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Government Haste Gives Unequal Access To Cultural Reports

The Government has lost an opportunity to reduce the cost of funding cultural reports at sentencing, while retaining the critical role the information plays in rehabilitating offenders, says Community Law Centres Aotearoa (CLCA).

“Rushing these cuts to funding through without public scrutiny and a select committee process means that better options have not been considered,” says CLCA CEO, Sue Moroney. “The result is that Judges will access to a greater amount of relevant information to consider for those who can afford to pay for the reports than for the majority who can’t.”

CLCA has now joined Te Hunga Roia Māori o Aotearoa, the New Zealand Law Society and the New Zealand Bar Association in criticising the removal of legal aid funding for the Section 27 reports.

“We were preparing to make constructive submissions on options to reduce the cost of providing funding for these reports, while retaining the benefits of giving Judges insight into the offender’s experience of abuse and trauma, state care, mental health issues, or other relevant matters,” said Sue.

“Now it is being rushed through under urgency, we have no option but to oppose the move because it reduces access to justice for those on middle and low incomes. This measure will also have a disproportionate impact young people and Maori.”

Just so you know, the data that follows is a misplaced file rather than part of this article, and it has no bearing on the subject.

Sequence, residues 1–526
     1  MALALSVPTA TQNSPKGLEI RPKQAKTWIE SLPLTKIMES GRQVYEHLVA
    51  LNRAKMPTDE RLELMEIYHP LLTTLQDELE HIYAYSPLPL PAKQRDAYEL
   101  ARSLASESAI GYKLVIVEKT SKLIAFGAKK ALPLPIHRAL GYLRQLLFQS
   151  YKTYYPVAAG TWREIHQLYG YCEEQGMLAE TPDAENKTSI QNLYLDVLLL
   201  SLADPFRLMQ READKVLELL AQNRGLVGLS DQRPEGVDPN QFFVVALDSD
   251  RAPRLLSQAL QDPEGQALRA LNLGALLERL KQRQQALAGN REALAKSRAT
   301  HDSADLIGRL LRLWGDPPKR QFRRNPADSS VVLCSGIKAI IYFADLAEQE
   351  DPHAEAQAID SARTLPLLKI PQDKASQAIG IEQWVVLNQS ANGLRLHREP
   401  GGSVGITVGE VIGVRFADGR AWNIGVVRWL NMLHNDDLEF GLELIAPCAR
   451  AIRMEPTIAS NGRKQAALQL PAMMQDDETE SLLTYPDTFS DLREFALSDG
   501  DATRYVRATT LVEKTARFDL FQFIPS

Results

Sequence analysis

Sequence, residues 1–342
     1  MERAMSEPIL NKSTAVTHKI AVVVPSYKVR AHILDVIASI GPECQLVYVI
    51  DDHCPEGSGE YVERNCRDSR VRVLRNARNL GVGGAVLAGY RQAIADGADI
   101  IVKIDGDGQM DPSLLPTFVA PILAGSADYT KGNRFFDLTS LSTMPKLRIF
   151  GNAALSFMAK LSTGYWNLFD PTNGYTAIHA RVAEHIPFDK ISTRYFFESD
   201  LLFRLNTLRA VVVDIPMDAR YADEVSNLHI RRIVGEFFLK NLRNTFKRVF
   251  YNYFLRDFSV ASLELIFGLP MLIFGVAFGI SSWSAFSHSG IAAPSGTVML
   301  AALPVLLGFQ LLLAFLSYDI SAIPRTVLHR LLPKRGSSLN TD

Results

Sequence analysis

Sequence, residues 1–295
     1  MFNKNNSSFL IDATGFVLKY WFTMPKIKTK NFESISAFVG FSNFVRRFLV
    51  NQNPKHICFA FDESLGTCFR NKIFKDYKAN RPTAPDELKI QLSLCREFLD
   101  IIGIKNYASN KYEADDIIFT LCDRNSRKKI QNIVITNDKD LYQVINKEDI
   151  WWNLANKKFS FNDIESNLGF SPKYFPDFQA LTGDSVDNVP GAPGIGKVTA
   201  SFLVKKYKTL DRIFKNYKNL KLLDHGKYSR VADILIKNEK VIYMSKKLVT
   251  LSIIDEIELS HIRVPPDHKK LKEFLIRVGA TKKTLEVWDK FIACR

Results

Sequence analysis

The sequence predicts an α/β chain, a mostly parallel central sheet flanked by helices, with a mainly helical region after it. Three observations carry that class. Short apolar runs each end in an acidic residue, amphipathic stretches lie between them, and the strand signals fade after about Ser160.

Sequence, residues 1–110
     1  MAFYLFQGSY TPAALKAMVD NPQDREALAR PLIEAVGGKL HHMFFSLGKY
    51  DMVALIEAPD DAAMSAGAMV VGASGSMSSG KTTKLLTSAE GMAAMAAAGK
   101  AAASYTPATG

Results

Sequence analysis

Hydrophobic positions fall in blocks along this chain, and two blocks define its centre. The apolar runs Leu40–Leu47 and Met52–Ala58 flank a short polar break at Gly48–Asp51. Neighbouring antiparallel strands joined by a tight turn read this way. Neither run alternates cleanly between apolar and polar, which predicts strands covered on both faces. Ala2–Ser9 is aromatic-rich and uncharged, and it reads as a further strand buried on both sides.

CLCA wanted options considered like having a fixed fee for the reports, establishing criteria when funding could be accessed or determining an approved list of supppliers.

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“Others would have had good ideas to stop the baby being thrown out with the bath water, but the Government is forging ahead without considering the need to address underlying issues and prevent re-offending”

“Having access to justice for all is a fundamental need for decent societies – removing it makes New Zealand society more fragile. We urge the Government to reconsider,” said Sue.

Media contacts:

Sue Moroney, CEO Community Law: 027 422-7831


Twenty-four Community Law Centres work out of over 140 locations across New Zealand to provide free legal help and advice to those who are unable to pay for a private lawyer or who do not have access to legal aid. This advice covers all aspects of New Zealand’s legal system, including family law, employment issues, housing problems, consumer advice and criminal law. As well as around 250 staff, Community Law’s services are boosted by over 1,200 volunteer lawyers who run clinics and deliver free advice and assistance.

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